Ever heard of AmeriGroup? AmeriGroup manages Medicaid, CHIP, Medicare, ABD, and Long-Term Care programs in 13 states. AmeriGroup strongly supports Obamacare (which will be very profitable for them). For example, here is a statement from AmeriGroup’s chairman on the Supreme Court ruling upholding Obamacare: “The court’s decision is an important step in our nation’s efforts to reform health care, to make it more affordable for and accessible to individuals.”

How is this relevant? Well it just so happens that AmeriGroup has at least one influential Georgia politician on their payroll. Renee Unterman chairs the Senate Health and Human Services Committee but does not appear to disclose her employment by AmeriGroup on her Senate Biography or campaign website. She does disclose her employment on the required “Financial Disclosure” but does not disclose either how much she is paid or what she does for AmeriGroup.

Chairing the Senate HHS Committe, which controls legislation effecting eligibility and reimbursement levels for Medicaid and other healthcare programs suggests a conflict of interest that should be fully disclosed if not eliminated. I would certainly enjoy hearing Untermann explain AmeriGroup’s position on Obamacare. The public deserves to know where Unterman stands on Obamacare and how she separates her own beliefs from those of the people signing her paychecks.

Harry November 20, 2013 at 10:24 am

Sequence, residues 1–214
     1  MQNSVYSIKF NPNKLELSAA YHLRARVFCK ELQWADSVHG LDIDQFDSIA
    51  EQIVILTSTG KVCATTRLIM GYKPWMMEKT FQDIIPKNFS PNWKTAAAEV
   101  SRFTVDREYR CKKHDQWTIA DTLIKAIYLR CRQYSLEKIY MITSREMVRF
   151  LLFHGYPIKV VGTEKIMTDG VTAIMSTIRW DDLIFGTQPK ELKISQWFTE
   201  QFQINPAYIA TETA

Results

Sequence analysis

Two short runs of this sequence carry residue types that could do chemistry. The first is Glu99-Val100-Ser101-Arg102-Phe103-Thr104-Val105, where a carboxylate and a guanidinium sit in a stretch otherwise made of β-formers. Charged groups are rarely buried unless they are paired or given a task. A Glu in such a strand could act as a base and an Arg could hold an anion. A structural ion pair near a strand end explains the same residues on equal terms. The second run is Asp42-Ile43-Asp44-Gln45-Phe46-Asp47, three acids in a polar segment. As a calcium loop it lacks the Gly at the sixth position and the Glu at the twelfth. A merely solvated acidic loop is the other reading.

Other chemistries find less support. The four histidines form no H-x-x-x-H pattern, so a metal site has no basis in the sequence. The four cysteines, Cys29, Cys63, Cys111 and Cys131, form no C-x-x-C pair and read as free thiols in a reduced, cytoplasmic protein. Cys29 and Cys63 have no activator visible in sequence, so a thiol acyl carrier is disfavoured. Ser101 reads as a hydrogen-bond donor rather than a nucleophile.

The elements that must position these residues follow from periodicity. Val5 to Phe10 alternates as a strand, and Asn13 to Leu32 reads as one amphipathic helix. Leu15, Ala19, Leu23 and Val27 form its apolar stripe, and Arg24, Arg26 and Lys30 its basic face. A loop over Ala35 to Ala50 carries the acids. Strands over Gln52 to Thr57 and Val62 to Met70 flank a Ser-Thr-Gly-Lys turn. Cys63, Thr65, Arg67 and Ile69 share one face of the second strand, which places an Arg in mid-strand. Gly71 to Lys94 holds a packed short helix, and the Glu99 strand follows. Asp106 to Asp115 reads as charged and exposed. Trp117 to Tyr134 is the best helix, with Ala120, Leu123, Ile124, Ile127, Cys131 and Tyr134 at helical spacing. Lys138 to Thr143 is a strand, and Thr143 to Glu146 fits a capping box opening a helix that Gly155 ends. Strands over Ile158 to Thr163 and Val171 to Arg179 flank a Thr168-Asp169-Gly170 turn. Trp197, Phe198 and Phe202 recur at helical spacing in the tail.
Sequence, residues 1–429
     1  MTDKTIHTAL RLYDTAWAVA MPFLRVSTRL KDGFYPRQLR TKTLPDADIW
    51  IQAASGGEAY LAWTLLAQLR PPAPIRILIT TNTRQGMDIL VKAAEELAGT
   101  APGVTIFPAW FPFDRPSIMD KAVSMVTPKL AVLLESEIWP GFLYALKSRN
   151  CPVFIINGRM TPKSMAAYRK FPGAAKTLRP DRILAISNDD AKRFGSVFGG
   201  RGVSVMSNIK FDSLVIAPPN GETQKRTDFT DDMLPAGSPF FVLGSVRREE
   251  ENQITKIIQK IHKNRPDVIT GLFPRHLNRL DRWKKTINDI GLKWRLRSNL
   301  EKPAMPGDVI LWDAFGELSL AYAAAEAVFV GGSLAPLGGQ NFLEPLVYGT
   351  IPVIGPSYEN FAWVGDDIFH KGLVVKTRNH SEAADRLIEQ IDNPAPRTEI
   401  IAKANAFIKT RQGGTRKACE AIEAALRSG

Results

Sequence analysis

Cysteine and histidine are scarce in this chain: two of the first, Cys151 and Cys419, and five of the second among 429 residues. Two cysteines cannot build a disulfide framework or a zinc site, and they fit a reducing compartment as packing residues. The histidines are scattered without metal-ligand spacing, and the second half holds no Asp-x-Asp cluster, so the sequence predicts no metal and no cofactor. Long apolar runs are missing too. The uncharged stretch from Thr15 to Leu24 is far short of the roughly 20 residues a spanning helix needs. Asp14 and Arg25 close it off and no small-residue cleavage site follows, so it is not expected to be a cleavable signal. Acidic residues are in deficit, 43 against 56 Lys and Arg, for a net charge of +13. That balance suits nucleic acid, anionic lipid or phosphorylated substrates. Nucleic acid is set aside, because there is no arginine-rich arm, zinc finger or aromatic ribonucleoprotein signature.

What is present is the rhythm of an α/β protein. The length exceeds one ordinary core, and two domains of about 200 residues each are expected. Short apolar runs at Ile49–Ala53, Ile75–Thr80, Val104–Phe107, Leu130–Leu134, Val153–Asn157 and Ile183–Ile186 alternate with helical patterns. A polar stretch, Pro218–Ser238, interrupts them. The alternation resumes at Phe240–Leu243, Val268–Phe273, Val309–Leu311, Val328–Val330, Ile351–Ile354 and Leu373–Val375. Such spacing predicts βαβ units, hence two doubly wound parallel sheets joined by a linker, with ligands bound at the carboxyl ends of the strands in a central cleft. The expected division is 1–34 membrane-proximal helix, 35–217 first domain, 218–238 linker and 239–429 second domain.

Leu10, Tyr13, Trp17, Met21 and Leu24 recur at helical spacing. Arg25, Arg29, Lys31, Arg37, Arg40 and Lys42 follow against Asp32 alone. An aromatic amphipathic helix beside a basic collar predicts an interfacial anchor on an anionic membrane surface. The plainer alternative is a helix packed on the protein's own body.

seenbetrdayz November 20, 2013 at 3:48 pm

Well the IRS will soon hold her accountable for her crimes.

@kathynoble November 20, 2013 at 1:31 pm

Follow up on Georgia Navigators. — Peach Pundit http://t.co/FgtJFx6JHx

Donald Palmisano Jr. (@DPalmisanoMAG) November 20, 2013 at 2:47 pm

Follow up on Georgia Navigators. — Peach Pundit http://t.co/BrY1HDJx8n

benevolus November 21, 2013 at 7:38 pm

OK Tina Trent, (if that’s your real name), Clark Howard is also on the board of Georgia Watch. Is he tainted too?

Harry November 22, 2013 at 12:10 am

Clark Howard goes out of his way to avoid talking about some hot topics.

Tina Trent November 22, 2013 at 6:59 pm

Benevolus — I won’t stoop to answer that to a guy who lacks the nerve to use a real name –

Clark Howard needs to step up and acknowledge the ethical inconsistencies. I trust him to do that, based on his reputation. I hope they do it. Currently, yes, he is tainted. He is on a board that includes fiscal beneficiaries of something they’re promoting politically — including going mum on consumer problems.

I expect better.

benevolus November 25, 2013 at 1:07 pm

You sure are judgmental about people you don’t know.

Tina Trent November 25, 2013 at 1:39 pm

I don’t understand why this is such an enormous issue to folks like you. You’re choosing to hide who you are while demanding that other people answer questions you’re posing — at least own the choice of your refusal to meet eye to eye. That would be consistent.

benevolus November 25, 2013 at 8:47 pm

The enormity of the issue is the hilariousness of it. I mean, I don’t know that “Tina Trent” is your real name just because you say it is, so the whole idea of this is ridiculous.

“Folks like me” perhaps are more interested in ideas than personalities.